Robert Whale can be reached at robert.whale@auburn-reporter.com.

Robert Whale can be reached at robert.whale@auburn-reporter.com.

The key thing is what we do with our imperfections | Whale’s Tales

I have said and done many things of which I am not proud. That is, I am no golden bird cheeping about human frailties from some high branch of superhuman understanding.

As I wrote in a recent column, I have terminal cancer.

The weeks since Ann and I got the bad news have been eventful. I have resumed chemotherapy to extend my life as long as medically possible. While the resumption of this chemical regimen has fuzzed up my mind a bit, I remain lucid enough to be thankful for family and friends, and for the many well wishers among readers of this column.

And let me add, I am thankful that as of today, I am not drooling into a lobster bib.

One thing I have not done is feel sorry for myself. Or ask, why me? I know that death will catch up to all of us at some point, but in some ways, I count myself lucky for having some sort of closing bookend to my life, though there’s no telling how far off the day will be.

While there’s no getting around the fact that the news is a bummer, knowing it has allowed me time to indulge in an exercise common for human beings in my situation: examining the life I have lived. And the examination has been anything but pleasant.

I don’t know about you, but I am a deeply flawed person, and I have said and done many things of which I am not proud. That is, I am no golden bird cheeping about human frailties from some high branch of superhuman understanding.

I find myself in the position about which T.S Eliot wrote in the “Little Gidding” section of The Four Quartets, at the point where the poet meets in the urban dawn, a former master, “a familiar, compound ghost,” who teaches him about “the gifts reserved for age” to “set a crown upon your lifetime’s efforts,” concluding with:

“…The rending pain of re-enactment

Of all that you have done, and been; the shame

Of motives late revealed, and the awareness

Of things ill done and done to others’ harm

Which once you took for exercise of virtue…”

In the final summation, however — Hitler, Stalin and Ted Bundy aside — I think what will matter most is not the mistakes we made, or the shortcomings we had, or the dumb things we said, or God knows what aberrations that may have lain within the deep caverns of our souls.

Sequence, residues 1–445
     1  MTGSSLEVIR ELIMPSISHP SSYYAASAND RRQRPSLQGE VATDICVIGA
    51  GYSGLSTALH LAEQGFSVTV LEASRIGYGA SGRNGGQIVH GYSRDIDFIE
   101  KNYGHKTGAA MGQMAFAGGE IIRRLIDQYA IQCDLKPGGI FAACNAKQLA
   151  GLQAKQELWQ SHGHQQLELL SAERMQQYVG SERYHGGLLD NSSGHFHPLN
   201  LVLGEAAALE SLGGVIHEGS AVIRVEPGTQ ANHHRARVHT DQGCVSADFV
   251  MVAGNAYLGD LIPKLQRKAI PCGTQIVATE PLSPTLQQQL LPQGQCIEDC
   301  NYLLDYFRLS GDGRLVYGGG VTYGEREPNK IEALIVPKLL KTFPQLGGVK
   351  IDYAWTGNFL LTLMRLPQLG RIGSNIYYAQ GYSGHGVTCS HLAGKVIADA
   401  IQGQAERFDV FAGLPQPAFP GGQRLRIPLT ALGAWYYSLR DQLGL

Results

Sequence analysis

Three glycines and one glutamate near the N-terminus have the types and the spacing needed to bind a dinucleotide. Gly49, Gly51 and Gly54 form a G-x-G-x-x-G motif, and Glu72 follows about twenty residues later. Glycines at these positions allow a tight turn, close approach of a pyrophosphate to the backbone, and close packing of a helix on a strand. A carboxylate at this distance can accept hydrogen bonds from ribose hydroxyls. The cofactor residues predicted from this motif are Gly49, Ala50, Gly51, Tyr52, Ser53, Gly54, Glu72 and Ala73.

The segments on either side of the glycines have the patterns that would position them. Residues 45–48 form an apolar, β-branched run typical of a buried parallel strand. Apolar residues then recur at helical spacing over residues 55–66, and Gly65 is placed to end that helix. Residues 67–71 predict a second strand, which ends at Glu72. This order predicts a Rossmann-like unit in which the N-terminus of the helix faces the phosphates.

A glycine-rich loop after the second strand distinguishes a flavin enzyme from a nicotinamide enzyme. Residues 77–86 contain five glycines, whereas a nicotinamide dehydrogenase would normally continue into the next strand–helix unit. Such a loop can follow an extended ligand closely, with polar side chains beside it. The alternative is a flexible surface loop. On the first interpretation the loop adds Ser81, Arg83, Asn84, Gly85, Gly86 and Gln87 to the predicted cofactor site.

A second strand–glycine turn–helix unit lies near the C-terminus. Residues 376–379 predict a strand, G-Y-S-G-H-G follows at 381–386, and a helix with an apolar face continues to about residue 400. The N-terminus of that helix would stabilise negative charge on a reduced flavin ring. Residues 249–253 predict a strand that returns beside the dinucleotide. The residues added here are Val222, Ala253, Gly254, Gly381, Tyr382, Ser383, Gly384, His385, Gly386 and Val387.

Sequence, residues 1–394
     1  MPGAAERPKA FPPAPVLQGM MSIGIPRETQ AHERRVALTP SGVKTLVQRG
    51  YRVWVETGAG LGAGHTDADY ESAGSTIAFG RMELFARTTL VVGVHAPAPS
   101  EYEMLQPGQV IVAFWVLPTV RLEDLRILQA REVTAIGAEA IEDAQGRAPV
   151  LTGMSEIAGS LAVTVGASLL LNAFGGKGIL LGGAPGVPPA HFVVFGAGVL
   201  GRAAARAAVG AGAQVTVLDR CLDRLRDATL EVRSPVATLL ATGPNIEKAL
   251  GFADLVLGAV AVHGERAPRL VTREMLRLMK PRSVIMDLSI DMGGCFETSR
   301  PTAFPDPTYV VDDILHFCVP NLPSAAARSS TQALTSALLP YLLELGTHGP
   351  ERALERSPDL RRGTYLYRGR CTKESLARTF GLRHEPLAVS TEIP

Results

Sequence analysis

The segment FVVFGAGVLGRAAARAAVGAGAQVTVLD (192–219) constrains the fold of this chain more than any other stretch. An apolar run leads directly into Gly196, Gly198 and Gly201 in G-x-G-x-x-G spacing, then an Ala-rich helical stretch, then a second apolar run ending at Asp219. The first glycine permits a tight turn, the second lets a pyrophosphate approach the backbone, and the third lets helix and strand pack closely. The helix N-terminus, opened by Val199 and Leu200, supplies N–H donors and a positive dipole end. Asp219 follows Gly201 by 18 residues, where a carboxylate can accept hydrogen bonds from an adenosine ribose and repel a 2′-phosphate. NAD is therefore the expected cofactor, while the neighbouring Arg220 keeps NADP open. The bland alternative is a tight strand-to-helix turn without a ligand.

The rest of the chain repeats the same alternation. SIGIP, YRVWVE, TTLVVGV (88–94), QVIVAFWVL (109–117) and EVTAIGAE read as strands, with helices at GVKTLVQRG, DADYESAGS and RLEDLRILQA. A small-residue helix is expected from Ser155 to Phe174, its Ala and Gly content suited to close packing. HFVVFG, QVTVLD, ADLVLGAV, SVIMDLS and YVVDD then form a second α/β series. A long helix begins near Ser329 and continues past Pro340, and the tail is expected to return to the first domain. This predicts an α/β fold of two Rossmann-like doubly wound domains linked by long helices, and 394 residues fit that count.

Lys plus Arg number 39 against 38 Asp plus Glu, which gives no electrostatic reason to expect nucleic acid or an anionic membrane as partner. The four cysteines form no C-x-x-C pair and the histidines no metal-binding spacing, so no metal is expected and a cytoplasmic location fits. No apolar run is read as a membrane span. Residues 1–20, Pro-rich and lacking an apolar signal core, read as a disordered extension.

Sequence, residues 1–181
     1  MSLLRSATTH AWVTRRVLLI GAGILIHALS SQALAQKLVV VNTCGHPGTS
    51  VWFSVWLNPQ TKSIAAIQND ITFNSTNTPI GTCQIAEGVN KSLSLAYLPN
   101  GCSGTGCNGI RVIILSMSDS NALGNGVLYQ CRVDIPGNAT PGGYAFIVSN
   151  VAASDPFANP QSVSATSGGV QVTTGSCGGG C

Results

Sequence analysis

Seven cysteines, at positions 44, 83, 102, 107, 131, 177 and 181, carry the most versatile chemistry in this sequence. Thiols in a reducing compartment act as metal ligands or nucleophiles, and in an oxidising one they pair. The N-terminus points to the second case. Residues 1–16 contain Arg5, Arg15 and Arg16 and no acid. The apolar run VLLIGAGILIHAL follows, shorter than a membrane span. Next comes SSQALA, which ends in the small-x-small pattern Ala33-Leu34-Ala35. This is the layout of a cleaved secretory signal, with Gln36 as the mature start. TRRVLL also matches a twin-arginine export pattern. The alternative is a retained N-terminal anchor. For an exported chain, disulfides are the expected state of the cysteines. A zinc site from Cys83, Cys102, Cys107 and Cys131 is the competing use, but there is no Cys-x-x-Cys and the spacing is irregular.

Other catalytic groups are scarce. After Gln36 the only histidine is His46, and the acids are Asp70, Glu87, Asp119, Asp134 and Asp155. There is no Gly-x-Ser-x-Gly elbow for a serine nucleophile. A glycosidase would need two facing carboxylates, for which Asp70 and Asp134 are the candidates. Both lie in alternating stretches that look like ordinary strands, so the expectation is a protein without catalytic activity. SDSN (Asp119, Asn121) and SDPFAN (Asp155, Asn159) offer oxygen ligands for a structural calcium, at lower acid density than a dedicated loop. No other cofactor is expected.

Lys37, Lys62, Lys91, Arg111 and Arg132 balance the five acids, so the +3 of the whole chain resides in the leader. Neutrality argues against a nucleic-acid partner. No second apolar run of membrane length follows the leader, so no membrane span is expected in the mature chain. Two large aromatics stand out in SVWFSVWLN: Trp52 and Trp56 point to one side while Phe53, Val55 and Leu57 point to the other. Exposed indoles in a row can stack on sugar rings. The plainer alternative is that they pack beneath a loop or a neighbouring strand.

I think the key thing is what we did with our imperfections. Did we indulge our selfishness? Did we fight to overcome that terrible temper? Did we surrender to the grosser parts of our nature?

The individual episodes that make up a human life sum to an almost countless number of temporal snapshots, extending forward and backward through time, from cradle to grave. All those moments add up to what some Native Americans call “The Long Body.” Or, if you prefer, “The Greater Self.” Picture all those snapshots as something shaped like a serpent. extending through a lifetime, connecting the infant to the old man or woman.

What really matters is what we learned along the way.

I have always believed that one of the greatest of life’s possible misfortunes is to become bitter, selfish, mean, and pigheaded as we age. and I am convinced that what we become is up to us.

C.S. Lewis wrote in “The Great Divorce,” his follow-up to William Blake’s “Marriage of Heaven and Hell,” that a life of grumbling unchecked will, in the end, turn a man or woman into something no longer human. And that, Lewis writes, is what is tossed into hell: a collection of grumbles.

Take care to guard against it.

Sometimes the lessons we need to learn come to us quietly as the fog on those famous little cat feet. Other times they hit us like claps of thunder.

An important thing I have learned is that the loudest jerk in room may be me. This realization hit me one day, while I was vehemently, furiously, at the top of my lungs declaring I was right and insisting I wasn’t upset. I recognized with a start how fast my pulse was racing, and that every muscle in my neck was taut as a bowstring. In that instance, the truth was as close to me as my jugular vein.

That was a thunderclap, and I am better for it.

Robert Whale can be reached at robert.whale@auburn-reporter.com.


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